The invention relates to a security device for security substrates, such as paper, used for making security documents, such as bank notes, having anti-counterfeitable features.

It is generally known to include elongate elements in paper or other substrates, usually as a security feature. Such elements can be threads, strips or ribbons of, for example, plastics film, metal foil, metallised plastic, metal wire. These elongate elements are included in the thickness of the substrate to render imitation of documents produced therefrom more difficult. These elements help in the verification of the documents as they render the view of the documents in reflected light different from that in transmitted light. To increase the security provided by the inclusion of such an elongate element, it is also known to endow the element itself with one or more verifiable properties over and above its presence or absence. Such additional properties include magnetic properties, electrical conductivities, the ability to absorb x-rays, fluorescence, optically variable effects and thermochromic behaviour.

As a further security feature, it has been found to be particularly advantageous to provide windows in one side of the surface of the substrate, which expose such elongate elements at spaced locations. Examples of methods of manufacturing paper incorporating security elements with or without windows are described below. It should be noted that references to “windowed thread paper” include windowed paper incorporating any elongate security element.

EP-A-0059056 describes a method of manufacture of windowed thread paper on a cylinder mould paper-making machine. The technique involves embossing the cylinder mould cover to form raised regions and bringing an impermeable elongate security element into contact with the raised regions of the mould cover, prior to the contact entry point into a vat of aqueous paper stock. Where the impermeable security element makes intimate contact with the raised regions of the embossing, no fibre deposition can occur and windows are formed in the surface of the paper. After the paper is fully formed and couched from the cylinder mould cover, water is extracted from the wet fibre mat and the paper is passed through a drying process. In the finished paper the regions of the security element which are exposed in the windows are visible in reflected light on one side of the paper, which is commonly used for mainly banknotes.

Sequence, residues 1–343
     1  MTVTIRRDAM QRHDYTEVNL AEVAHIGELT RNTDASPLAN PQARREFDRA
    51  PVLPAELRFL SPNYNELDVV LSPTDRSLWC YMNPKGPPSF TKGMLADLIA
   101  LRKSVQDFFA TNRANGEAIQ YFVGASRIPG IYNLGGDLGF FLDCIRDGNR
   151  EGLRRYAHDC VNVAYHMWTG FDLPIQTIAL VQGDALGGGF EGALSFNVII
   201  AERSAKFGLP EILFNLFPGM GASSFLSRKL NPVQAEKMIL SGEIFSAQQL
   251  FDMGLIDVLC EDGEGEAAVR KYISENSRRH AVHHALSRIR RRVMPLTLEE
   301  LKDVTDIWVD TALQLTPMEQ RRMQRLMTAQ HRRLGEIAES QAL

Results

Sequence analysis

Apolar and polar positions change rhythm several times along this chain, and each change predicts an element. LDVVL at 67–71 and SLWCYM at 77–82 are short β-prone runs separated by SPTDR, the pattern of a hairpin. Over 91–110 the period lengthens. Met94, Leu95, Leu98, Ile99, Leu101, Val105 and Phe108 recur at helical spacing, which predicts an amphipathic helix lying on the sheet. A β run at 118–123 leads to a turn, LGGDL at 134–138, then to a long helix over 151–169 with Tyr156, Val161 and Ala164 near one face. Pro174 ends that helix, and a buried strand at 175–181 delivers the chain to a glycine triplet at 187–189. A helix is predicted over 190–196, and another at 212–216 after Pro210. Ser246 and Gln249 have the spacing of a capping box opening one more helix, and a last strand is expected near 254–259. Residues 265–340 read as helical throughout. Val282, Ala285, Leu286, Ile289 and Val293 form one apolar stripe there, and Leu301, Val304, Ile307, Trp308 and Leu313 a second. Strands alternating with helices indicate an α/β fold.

The widespread use of security documents having security elements exposed on windows along the length of the element has resulted in enhanced security. A security document of this type provides this enhancement as, when viewed in transmitted light, the security element provides a different view from that which is seen under reflected light, where parts of the security element are readily visible in the window. However, there is a continual need for further enhanced security features to render the task of a would be counterfeiter more difficult.

One such development is described in GB-A-2323814 whereby a security element includes a reflective metal layer in the form of a design which consists of at least one repeating geometric pattern which the frequency, instantaneous amplitude or maximum amplitude of the pattern varies along the length of the element. Such complex fine line patterns are extremely difficult for counterfeiters to generate by the commonly used technique of foil blocking.

It is an object of the present invention to further enhance the security of security devices such as security elements.